Les Vignes de Bila-Haut 2014, Côtes du Roussillon, France (Michael Chapoutier). 13% alc. Grenache gris, grenache blanc, macabeu (or sometimes maccabeu). Pale straw-gold color; ripe and fleshy, apple peel and peach skin; lemon, lime peel, tangerine and yellow plum; cloves and a wisp of dried thyme; crisp and sassy, very spicy and quite dry but with spare and tasty stone-fruit flavors. Very Good+. About $13.
An R. Shack Selection, HB Wine Merchants, New York.
La Valentina Pecorino 2014, Bianco Colline Piscarese, Italy. NA% alc. 100% pecorino grapes. Pale gold hue; very fresh, clean and appealing; lemon balm, lime peel, almond skin and almond blossom; limestone and oyster shell, savory with a salt marsh-sea breeze edge of vitality; pert and lively, a burgeoning of stone-fruit and meadowy herbs; extremely charming but with a thread of seriousness. Very Good+. About $16.
Dalla Terra Winery Direct, Napa Calif.
Vina Robles “White 4” 2014, Paso Robles, California. 14.9% alc. 54% viognier, 22% vermentino, 15% verdelho, 9% sauvignon blanc. Pale straw color with faint green highlights; delicate, lightly spicy, a slight sense of sunny, leafy figs and briers; all citrus with a flush of stone-fruit; a few minutes in the glass bring in heady notes of lilac and Evening in Paris; very appealing, with a beautiful texture and structure that fill the mouth with almost powdery talc-like elements cut by bright acidity. Drink now through 2017. Excellent. About $16.
Bodega de Txakoli Tadai Berri Alleme Txakolina 2014, Getariako Txakolina. NA% alc. 100% hondarribi zuri grapes. The wine is pronounced chakoli; txakolina means “the txakoli.” The hondarribi zuri grape is primarily grown, where it is cultivated at all, in Spain’s Basque country. Very pale straw color; just faintly effervescent, as a sort of quiet, persistent tickle; white flowers and yellow fruit, let’s say, gardenia, peach and yellow plums, all quite gently expressed, with hints of almond blossom and lychee; lively, crisp, clean, caressing. Drink up as a very pleasant and unusual aperitif; these wines are not meant to last. Very Good+. About $17.
Kysela Pere et Fils, Winchester, Va.
ponzi pb
Ponzi Vineyards Pinot Blanc 2014, Willamette Valley, Oregon. 13.4% alc. 1,000 cases. 100% pinot blanc grapes. Very pale straw-gold hue; roasted lemons and spiced pears, notes of quince, nectarine and ginger; subtly floral, like some tiny white slightly astringent flower; mountainy and meadowy; incisive acidity with elements of steel and limestone and a haze of smoke and talc; quite dry but immensely appealing and satisfying. Excellent. About $20, representing Great Value.
Amity Vineyards Pinot Blanc 2013, Willamette Valley, Oregon. 13% alc. 181 cases. 100% pinot blanc. Medium straw-gold hue; lemon balm, lime peel, slightly caramelized grapefruit; intriguing notes of cedar and hay; a fresh, breezy and bracing wine, lovely purity and intensity; hints of quince, peach skin and ginger; lithe and supple on the palate with crystalline acidity and vibrant limestone minerality. Now through 2016. Excellent. About $22.
mccay viognier
McCay Cellars Viognier 2014, Lodi, California. 14.1% alc. 100% viognier grapes. Very pale gold color; peach, roasted lemon and lavender; slightly honeyed, with notes of beeswax, dried thyme and rosemary, with the latter’s hint of resiny quality; very clean, pure and intense, lovely presence and weight; more on the graceful, spare and elegant side of the grape, though a hint of caramelized fennel lends something exotic; a lingering finish that turns a bit austere with limestone and flint minerality. Now through 2018 to 2020. Excellent. About $24.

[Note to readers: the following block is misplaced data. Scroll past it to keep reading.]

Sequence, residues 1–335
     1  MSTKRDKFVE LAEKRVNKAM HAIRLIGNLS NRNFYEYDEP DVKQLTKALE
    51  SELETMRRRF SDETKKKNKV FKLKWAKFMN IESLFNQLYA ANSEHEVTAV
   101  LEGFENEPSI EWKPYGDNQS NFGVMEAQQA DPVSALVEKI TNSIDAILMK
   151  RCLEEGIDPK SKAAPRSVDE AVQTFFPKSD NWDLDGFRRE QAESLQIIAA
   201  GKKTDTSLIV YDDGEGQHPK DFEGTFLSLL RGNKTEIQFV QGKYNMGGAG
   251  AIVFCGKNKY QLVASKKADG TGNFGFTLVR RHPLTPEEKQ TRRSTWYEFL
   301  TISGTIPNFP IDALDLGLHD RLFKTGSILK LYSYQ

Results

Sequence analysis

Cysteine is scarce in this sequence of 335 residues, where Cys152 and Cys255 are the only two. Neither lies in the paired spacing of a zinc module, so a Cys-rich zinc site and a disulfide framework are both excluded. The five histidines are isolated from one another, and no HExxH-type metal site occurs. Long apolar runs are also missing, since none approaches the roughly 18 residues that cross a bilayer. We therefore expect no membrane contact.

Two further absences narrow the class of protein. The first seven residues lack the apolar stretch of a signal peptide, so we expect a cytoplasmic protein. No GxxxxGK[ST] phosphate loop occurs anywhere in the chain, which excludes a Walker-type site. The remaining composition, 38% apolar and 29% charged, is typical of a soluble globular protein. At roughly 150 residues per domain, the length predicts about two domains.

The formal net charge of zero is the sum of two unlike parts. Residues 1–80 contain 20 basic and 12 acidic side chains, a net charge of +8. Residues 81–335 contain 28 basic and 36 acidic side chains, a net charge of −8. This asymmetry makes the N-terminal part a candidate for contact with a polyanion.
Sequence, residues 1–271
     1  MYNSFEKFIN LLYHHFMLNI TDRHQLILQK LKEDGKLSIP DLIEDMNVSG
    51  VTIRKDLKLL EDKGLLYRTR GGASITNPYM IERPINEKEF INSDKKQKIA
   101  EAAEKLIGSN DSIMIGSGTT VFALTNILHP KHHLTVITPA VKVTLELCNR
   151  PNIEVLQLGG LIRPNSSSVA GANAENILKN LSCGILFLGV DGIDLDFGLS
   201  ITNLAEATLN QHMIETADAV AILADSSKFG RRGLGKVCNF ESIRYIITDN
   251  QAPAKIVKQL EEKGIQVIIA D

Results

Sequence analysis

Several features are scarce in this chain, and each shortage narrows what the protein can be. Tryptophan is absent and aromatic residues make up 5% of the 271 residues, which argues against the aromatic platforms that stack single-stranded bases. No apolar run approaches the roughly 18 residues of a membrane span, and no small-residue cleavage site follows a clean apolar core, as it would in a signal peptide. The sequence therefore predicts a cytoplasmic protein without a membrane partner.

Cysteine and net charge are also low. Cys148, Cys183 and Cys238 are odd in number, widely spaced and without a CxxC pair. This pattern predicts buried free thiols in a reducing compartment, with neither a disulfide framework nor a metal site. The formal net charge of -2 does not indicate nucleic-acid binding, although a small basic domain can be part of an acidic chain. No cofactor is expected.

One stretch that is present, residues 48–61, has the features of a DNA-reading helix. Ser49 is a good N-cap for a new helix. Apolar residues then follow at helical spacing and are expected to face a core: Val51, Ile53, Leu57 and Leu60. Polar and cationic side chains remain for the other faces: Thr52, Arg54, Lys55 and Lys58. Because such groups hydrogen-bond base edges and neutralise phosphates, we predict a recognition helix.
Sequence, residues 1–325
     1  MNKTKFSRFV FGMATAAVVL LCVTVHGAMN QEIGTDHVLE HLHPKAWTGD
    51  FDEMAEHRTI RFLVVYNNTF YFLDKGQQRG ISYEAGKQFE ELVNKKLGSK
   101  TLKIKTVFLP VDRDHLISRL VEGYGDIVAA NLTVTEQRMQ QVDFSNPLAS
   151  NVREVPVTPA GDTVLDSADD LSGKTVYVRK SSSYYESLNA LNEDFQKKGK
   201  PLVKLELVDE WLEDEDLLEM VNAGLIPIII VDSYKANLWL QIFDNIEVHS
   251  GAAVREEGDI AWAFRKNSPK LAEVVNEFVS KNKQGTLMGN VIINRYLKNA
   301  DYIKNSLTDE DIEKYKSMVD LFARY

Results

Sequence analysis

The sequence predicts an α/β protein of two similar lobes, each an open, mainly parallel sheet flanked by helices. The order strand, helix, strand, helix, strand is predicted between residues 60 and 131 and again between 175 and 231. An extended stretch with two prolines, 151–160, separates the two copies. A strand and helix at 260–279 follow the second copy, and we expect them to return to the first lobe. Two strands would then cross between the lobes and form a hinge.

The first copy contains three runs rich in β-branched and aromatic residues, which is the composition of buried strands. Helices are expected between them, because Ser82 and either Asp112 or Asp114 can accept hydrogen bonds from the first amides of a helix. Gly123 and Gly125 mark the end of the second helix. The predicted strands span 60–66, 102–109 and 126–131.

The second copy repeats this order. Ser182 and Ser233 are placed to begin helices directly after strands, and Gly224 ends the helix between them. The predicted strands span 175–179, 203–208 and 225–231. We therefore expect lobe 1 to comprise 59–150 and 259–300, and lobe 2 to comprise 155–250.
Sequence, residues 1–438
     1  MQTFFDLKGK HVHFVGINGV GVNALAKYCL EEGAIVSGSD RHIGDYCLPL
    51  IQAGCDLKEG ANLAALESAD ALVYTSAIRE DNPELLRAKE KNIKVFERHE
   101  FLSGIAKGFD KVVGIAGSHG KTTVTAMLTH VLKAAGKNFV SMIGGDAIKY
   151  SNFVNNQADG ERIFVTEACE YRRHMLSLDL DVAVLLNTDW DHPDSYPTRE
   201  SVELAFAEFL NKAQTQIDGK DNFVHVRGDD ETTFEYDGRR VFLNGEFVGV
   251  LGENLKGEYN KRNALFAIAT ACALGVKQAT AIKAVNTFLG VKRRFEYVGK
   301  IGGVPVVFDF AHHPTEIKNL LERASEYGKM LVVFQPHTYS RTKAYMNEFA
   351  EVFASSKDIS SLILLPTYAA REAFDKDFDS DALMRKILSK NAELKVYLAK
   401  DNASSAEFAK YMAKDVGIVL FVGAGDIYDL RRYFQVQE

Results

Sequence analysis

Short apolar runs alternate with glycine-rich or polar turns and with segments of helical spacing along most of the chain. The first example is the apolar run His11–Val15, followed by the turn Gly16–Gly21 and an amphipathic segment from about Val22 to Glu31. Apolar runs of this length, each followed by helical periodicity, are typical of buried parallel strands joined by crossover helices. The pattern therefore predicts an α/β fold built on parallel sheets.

Clos le Vigneau 2013, Vouvray, Loire Valley, France. (Alexandre Monmousseau). NA%alc. 100% chenin blanc grapes. Bright straw-gold hue; vouvrayhay, damp stones, jasmine; hazelnuts and almond skin; notes of peach, apricot and yellow plums; lean and lithe, chiseled limestone minerality and chiming acidity yet a soft approachable texture; a hint of sweetness on the entry but very dry from mid-palate back through the spice and mineral freighted finish. Now through 2018 to 2020. Excellent. About $19.
Kysela Pere et Fils, Winchester, Va.
anaba white
Anaba Wines Turbine White 2013, Sonoma Valley, California. 14% alc. 42% roussanne, 20% grenache blanc, 20% picpoul blanc, 18% marsanne. 354 cases. Shimmering pale gold hue; roasted lemon, dried thyme, beeswax, lanolin, lilac; notes of heather and peach and a hint of some exotic floral and pressed nut oil; bountifully presents a full-bodied, seductive texture packed with spiced and roasted peach and apricot flavors but balanced by riveting acidity and an element of damp-stone minerality. Super appealing, practically glitters in the glass. Excellent. About $28, and Worth a Search.

Here we go, nine red wines entirely fit for drinking with such fare as pizza, hamburgers, lasagna, spaghetti and meat balls, hearty sandwiches and so forth. These reviews are brisk, brief, incisive — forgoing technical, historical and geographical detail for the sake of immediacy. All these wines were samples for review or were tasted at a wholesaler’s trade event. Enjoy! ___________________________________________________________________________________________________________________________________
Illuminate-2012RedBlend_NorthCoast-frontIlluminate Red Blend 2012, North Coast. 13.9% alc. 95% merlot, dollops of cabernet franc, malbec and petit verdot. (A second label of Kimmel Vineyards) Red and black berries with a touch of roasted plum; smoke, cedar and tobacco, hint of black olive; pleasing heft, lively and appealing; slightly slappy and sappy tannins, soft and dusty. For enjoyable, quaffable drinking. Very Good. About — ready for this? — $10, so Buy by the Case.